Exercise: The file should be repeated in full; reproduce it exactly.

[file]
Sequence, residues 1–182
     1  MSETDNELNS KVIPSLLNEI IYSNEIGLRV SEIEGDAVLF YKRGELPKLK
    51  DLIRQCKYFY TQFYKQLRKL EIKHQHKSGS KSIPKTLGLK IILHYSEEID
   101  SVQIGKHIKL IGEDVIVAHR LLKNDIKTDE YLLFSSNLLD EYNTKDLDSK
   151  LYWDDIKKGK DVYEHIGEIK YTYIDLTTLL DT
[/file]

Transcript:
Sequence, residues 1–182
     1  MSETDNELNS KVIPSLLNEI IYSNEIGLRV SEIEGDAVLF YKRGELPKLK
    51  DLIRQCKYFY TQFYKQLRKL EIKHQHKSGS KSIPKTLGLK IILHYSEEID
   101  SVQIGKHIKL IGEDVIVAHR LLKNDIKTDE YLLFSSNLLD EYNTKDLDSK
   151  LYWDDIKKGK DVYEHIGEIK YTYIDLTTLL DT